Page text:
i searched your forum already but my question is not completely answered. I am wondering if invoicing us the certificate itself with a yearly cost is ok.
Our hosting provider invoices us beside the working time to create and implement the certificate as well yearly costs for the certificate itself.
All other questions into this topic was finally answered that the provider invoices the service to implement or generate the certificate, but in my case its defenetely as i described above.
Thanks for answering this question.
There’s nothing that would prohibit a hosting provider for charging for certificates, and there are many hosting providers who do charge for this.
OK, thanks. For me it just feels like not ok to use this great service an charge for it.
There are many here (I, at least in part, among them) who'd agree with you, in a moral sense. But legally, it's permissible.
It's legal, but yeah, it shouldn't be good for business.
A lot of hosting providers just get a certificate for you and configure your site on https by default, all included.
It depends on the price. Compare two hosting providers giving the same quality service, only pricing differs:
- 10$/year certificate + 10$/year for hosting
- 100$/year hosting (certificate included with no extra cost)
Which one do you select?
I don't know. 10 $/y is too cheap to be good.
Let's take a more abstract example.
A cup of water is free... but it is across the street from where you are seated.
Someone offers to bring you a cup of that "free water" for a price.
[they would have to cross the street twice - without spilling your water]
Does that sound like highway robbery or payment for services rendered?
I mean, we once had a wordpress site on which we expected a lot of traffic, and didn't have any money to invest in the necessary infrastructure (and fuck cloudflare, too).
So, what did we do? We installed a plugin to make a static site out of the wordpress site, and we pushed the whole thing on github pages: our site is now being hosted on Microsoft's cdn, and with a proper Let's Encrypt certificate we didn't even have to ask for. Good luck abusing a static website on that hosting.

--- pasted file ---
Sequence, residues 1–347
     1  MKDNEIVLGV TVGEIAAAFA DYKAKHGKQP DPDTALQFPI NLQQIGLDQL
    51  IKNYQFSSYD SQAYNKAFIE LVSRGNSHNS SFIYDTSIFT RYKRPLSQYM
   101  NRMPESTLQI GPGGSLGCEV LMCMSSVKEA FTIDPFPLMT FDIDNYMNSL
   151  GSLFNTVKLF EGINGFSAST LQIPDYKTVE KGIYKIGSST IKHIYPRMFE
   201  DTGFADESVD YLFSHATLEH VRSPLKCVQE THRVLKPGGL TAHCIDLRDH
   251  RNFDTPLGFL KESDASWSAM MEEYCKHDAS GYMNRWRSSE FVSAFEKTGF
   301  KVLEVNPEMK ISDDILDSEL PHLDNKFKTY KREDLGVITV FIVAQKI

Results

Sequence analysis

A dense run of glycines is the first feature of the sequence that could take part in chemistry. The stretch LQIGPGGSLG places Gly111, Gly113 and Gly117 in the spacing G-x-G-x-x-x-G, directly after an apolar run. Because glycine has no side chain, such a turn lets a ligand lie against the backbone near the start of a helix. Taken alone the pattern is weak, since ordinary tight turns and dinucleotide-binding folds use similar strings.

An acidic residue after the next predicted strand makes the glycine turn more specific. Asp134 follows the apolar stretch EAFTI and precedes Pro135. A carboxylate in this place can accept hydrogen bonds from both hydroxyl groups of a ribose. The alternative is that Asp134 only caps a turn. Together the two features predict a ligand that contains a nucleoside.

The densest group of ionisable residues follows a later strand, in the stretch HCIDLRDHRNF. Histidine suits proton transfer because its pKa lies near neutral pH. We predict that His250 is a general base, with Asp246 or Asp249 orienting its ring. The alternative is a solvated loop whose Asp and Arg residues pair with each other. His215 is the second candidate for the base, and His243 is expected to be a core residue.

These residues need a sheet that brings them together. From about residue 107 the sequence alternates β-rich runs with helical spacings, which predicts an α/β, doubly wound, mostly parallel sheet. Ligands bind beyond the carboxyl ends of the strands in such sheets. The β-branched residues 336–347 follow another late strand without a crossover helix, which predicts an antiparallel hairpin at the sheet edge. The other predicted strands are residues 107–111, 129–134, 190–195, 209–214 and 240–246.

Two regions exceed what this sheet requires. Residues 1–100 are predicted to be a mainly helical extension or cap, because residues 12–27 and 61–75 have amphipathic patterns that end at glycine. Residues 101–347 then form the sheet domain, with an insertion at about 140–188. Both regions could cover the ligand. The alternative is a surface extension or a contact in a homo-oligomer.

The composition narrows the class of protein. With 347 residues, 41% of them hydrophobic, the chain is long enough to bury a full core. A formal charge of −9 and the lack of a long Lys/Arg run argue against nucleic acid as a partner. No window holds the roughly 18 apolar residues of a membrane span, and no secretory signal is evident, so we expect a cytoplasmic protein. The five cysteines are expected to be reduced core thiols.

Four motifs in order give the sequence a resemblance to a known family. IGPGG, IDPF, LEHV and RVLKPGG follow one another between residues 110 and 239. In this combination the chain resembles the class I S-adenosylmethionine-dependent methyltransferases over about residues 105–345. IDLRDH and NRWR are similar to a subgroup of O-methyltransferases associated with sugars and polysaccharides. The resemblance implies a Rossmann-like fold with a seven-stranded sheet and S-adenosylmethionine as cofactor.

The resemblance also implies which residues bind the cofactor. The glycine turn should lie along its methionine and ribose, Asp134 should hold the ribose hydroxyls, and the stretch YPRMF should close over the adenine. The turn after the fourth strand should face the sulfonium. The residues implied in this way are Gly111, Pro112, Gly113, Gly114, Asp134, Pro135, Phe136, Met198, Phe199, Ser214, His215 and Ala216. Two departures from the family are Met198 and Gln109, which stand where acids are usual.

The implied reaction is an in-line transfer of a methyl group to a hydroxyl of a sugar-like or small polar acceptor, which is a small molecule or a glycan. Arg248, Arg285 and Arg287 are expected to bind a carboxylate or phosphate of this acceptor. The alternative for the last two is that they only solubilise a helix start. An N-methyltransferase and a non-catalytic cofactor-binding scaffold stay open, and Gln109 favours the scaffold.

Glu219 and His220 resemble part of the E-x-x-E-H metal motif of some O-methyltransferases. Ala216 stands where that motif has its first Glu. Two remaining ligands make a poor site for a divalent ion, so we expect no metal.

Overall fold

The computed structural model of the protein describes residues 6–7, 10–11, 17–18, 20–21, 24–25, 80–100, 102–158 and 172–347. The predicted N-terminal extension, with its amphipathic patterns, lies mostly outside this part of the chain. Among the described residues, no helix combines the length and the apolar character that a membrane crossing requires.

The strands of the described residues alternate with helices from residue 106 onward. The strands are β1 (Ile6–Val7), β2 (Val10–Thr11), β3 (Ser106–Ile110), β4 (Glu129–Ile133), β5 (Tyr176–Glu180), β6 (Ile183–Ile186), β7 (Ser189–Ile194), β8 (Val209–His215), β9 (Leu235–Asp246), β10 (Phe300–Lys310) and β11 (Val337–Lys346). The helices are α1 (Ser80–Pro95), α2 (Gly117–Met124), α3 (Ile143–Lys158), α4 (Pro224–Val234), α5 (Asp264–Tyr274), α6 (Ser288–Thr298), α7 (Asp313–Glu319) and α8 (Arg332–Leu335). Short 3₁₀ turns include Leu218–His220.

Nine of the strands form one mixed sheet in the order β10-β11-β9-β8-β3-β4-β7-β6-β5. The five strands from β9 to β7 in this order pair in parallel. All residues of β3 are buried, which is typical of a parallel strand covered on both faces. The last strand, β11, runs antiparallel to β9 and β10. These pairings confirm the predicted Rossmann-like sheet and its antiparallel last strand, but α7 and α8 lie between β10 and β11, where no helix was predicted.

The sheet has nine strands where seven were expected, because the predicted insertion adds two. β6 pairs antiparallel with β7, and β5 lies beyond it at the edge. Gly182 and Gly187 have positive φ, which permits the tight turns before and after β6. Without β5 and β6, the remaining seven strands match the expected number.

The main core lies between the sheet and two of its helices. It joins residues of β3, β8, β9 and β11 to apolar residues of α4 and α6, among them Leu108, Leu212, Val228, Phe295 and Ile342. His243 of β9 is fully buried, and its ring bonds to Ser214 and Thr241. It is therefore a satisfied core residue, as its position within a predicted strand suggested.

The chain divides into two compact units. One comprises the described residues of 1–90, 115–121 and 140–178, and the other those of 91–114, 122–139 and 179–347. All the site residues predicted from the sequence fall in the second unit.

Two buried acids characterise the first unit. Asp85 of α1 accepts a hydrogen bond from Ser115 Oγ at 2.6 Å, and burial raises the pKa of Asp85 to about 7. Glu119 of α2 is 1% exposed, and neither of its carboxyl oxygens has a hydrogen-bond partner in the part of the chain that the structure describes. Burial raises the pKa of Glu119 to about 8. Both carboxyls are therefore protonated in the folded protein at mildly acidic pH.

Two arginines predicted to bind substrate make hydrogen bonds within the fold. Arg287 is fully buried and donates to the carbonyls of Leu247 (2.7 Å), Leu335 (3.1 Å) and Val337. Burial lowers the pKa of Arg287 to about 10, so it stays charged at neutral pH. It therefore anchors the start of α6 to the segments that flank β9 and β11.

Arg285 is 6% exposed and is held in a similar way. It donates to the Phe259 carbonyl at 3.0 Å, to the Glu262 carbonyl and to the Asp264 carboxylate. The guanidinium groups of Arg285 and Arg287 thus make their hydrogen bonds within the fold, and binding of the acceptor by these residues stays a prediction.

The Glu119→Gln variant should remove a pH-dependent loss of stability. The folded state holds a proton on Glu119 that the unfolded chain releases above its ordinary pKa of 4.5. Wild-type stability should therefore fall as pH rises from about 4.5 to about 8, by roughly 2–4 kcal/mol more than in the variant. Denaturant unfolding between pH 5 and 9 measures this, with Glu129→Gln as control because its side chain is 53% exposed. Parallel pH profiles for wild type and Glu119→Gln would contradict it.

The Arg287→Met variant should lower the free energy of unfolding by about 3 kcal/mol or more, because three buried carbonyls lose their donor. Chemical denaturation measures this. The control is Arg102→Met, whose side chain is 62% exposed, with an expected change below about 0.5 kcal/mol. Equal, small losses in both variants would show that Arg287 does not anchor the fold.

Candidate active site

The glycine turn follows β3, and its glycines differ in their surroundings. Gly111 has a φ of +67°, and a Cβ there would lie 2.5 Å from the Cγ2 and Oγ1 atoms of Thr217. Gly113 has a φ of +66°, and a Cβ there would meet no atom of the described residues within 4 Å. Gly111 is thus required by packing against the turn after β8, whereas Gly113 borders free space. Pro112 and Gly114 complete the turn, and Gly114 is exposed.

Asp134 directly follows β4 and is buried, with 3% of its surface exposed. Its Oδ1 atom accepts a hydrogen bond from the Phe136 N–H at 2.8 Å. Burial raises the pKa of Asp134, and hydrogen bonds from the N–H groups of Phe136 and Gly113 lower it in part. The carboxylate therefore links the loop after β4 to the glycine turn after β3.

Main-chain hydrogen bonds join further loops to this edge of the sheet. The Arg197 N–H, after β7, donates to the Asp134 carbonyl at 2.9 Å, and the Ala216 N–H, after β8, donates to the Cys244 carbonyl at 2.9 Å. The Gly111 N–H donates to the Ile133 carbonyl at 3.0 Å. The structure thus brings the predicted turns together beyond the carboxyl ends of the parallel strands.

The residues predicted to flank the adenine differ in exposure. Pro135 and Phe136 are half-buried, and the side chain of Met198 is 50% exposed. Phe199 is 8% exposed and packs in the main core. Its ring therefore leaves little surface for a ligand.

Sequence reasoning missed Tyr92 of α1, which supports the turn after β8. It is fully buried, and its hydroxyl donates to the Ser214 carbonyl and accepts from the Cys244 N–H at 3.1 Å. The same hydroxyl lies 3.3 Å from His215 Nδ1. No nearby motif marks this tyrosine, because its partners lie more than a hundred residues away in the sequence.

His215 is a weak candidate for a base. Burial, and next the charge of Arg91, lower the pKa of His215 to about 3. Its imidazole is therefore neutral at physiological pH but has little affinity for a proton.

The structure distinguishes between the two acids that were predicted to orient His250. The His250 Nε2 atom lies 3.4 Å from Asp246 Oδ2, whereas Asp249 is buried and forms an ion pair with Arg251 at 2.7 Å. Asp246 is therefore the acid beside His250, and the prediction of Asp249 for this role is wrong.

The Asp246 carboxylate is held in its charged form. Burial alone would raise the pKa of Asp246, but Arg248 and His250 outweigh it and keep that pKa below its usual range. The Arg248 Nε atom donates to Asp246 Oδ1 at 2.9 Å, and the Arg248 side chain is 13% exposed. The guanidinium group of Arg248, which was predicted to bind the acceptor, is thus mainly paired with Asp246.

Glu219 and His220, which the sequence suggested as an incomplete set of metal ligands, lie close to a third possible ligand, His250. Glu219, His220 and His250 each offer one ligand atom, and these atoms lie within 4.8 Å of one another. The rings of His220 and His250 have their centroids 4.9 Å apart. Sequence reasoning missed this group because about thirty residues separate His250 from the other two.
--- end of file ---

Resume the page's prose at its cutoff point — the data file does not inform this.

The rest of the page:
And wordpress... It could've ran on a laptop (it was on a cheap VPS, we weren't that cheap).
I understand the difference between the service to issue the certificate, embed it with the services we are using etc. And in our case we got an invoice for this twice with 3.5hours working time and on top with 100€ each Year for 2 certificates which are running 2 domains but on the same host. So actually its easy to just extend the first certificate by a second domain. But we got invoiced the extrem high service of 7 hours and on top yearly for 2 certificates. I dont feel thats a good trustful business they are doing. Unfortunately if there is no rule which dont allow to resell the certificates its not a point to get out of the contract our boss did with this company.
SEVEN HOURS TO INSTALL TWO CERTIFICATES?
That's either gross incompetence or gross overcharging if not fraud outright.
Thats for sure and now you understand why i am looking for something we could get out of this contract.
Run far away, avoid giving them a single € more.
Use what you already paid for, and then run far, far away.
The issue here isn't whether they should resell the certificates (they're selling the certificate provisioning, which is not the certificate itself - it's the service of getting it and installing it for you), the issue is that they charged a lot of money for the work and said it took them 7 hrs to do, which is highly unlikely and needs proof.
If you need to get out of the contract just ask them for a simple breakdown of the work required and approximate time spent for each step - perhaps there really is a reason. If they can't provide a breakdown of the work (or they do but it's inflated) then the work did not demonstrably take place as stated or was not performed to a reasonable standard - pretty easy to cancel on the ground of incompetence (non-performance) or fraudulent time keeping. Alternatively the contract will have standard terms for cancellation and that will include non-payment by you.